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Homework Help: Magitude of accelaration

  1. Feb 4, 2007 #1
    1. The problem statement, all variables and given/known data
    A particle moves along a circular path having a radius of 2.0 m. At an instant when the speed of the particle is equal to 3.0 m/s and changing at the rate of 5.0 m/s2, what is the magnitude of the total acceleration of the particle?



    2. Relevant equations
    magitude= V^2/R




    3. The attempt at a solution

    But i dont know how to slove with this equation
     
  2. jcsd
  3. Feb 4, 2007 #2

    Dick

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    Acceleration is a vector. There will be a component tangent to the circle and a normal component. Which one is given to you in the problem statement and which do you have to find using your equation?
     
  4. Feb 4, 2007 #3
    Dick,
    v=3m/s
    a=5 m/s^2

    I guess I can find the magnitude when v=3 m/s . is that
    right?


     
  5. Feb 4, 2007 #4

    Dick

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    Ok, so what are the two components of the acceleration.
     
  6. Feb 4, 2007 #5
    the two components are ax and ay
     
  7. Feb 4, 2007 #6

    Dick

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    The components are normal to the circle and tangent to the circle, so x,y coordinates are probably not appropriate. I would say the tangent component is 5 m/s^2. Why would I say that?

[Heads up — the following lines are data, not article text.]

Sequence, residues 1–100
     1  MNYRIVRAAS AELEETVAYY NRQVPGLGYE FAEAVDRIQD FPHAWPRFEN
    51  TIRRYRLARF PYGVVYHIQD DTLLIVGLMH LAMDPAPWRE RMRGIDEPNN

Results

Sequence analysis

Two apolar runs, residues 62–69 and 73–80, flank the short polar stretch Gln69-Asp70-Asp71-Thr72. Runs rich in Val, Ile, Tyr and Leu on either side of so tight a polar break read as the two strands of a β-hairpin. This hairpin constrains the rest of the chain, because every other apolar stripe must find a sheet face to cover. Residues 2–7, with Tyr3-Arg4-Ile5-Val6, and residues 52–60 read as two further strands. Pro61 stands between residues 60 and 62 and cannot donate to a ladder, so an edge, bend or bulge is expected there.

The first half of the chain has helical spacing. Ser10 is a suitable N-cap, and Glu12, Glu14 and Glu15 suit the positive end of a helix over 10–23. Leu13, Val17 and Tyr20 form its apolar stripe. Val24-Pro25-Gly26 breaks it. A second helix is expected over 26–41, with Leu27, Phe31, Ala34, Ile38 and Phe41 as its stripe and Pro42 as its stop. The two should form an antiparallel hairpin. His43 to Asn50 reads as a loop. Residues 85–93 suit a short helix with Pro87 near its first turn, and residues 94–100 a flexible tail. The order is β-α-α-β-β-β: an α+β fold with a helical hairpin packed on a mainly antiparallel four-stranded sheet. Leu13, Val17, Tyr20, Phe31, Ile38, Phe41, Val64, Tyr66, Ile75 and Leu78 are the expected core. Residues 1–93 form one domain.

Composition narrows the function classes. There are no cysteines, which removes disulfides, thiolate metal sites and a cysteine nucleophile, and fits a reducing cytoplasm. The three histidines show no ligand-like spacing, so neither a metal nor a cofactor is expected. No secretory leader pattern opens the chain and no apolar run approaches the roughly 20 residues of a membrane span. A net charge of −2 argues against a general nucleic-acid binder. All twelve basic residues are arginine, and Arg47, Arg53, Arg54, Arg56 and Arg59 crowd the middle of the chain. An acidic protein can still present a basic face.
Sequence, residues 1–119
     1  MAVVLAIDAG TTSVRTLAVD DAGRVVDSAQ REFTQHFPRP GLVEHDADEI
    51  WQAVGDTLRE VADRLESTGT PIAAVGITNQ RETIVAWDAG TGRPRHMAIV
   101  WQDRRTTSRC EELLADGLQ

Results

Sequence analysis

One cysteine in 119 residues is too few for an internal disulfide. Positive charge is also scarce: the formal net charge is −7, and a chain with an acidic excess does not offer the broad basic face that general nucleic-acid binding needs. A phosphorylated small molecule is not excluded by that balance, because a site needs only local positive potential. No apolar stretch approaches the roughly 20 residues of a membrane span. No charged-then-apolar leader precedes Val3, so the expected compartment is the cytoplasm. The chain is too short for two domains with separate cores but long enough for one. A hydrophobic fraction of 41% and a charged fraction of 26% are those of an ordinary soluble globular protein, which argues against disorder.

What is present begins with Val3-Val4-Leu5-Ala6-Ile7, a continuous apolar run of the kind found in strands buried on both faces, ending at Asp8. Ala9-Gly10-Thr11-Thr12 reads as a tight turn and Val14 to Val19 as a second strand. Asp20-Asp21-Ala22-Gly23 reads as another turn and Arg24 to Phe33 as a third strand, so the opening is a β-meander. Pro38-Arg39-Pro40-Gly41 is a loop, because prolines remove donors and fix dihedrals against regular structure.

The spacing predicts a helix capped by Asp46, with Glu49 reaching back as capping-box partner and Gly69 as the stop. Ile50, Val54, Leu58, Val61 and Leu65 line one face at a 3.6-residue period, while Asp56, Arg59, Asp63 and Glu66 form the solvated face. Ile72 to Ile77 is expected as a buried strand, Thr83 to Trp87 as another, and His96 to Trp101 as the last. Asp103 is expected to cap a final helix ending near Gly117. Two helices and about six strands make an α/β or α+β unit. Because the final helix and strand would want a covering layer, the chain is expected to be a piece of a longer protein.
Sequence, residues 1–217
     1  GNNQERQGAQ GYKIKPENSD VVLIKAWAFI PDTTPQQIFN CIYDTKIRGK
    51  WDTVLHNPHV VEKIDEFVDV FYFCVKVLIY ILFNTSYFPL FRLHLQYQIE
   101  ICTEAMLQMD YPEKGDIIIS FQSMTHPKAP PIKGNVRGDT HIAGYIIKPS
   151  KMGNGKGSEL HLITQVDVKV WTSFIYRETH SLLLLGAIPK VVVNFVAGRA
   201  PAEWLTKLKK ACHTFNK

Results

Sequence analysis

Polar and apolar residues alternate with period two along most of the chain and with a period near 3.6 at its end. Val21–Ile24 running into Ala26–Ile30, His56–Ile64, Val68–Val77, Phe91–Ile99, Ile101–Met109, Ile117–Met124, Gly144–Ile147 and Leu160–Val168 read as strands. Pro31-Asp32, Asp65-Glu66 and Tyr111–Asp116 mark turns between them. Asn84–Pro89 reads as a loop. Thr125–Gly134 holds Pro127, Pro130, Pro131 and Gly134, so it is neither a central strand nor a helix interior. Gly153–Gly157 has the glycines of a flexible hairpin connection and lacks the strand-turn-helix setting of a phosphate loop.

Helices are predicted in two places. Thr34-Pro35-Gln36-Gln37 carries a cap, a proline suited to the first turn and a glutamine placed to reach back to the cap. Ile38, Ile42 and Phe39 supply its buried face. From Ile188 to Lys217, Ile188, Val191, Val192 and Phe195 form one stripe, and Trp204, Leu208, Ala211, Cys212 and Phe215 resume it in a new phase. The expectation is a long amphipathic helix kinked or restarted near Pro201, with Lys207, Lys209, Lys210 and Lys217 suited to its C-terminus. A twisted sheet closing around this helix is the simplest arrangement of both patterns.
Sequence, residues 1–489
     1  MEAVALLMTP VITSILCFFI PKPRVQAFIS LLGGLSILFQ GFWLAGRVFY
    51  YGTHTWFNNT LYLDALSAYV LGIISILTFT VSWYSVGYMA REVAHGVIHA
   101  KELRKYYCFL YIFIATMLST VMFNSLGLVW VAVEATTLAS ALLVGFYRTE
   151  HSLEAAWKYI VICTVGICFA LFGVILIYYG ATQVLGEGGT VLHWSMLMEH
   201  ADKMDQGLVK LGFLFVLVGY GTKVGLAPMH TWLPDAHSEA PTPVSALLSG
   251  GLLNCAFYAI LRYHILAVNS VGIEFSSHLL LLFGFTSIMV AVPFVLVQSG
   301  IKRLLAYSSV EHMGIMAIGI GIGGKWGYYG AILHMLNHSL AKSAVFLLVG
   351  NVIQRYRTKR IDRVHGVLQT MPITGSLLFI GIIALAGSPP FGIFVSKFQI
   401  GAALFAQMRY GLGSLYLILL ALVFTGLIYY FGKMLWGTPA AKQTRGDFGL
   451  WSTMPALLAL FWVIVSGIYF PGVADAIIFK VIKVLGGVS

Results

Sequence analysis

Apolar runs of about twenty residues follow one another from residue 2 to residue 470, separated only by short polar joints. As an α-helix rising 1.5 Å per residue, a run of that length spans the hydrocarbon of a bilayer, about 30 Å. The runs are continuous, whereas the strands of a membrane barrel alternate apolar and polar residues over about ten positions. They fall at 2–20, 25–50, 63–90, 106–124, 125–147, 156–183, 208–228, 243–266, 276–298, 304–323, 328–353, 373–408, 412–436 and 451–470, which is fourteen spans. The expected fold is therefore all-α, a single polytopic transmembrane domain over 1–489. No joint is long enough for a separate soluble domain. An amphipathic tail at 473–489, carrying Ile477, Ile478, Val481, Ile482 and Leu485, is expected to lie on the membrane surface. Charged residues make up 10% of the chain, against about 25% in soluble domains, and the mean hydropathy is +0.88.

8. Feb 4, 2007 #7
    coz that is a constant acceleration?
     
  9. Feb 4, 2007 #8

    Dick

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    No, because they told me. If an object is moving on a circle and it's speed is changing at 5 m/s^2, in what direction is that acceleration pointed?
     
  10. Feb 4, 2007 #9
    this is my calculation

    a=Sq root of (at)^2+(ar)^2

    at= 5m/s^2
    ar=v^2/r= 9/2=4.5
    a=sq root(5^2+4.5^2)
    =6.7 m/s^2

    is this is right??
     
  11. Feb 4, 2007 #10
    towards its center
     
  12. Feb 4, 2007 #11

    Dick

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    Your calculation is fine. What does "towards its center" mean? You labelled it as at in your calculation?
     
  13. Feb 4, 2007 #12
    u mean my answer is right??
     
  14. Feb 4, 2007 #13

    Dick

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    Yeah. Does that surprise you? If you're clear on the two components of the acceleration then I think you can go on to the next problem...
     
  15. Feb 4, 2007 #14
    yaa i got it now dick thanks for you help
     
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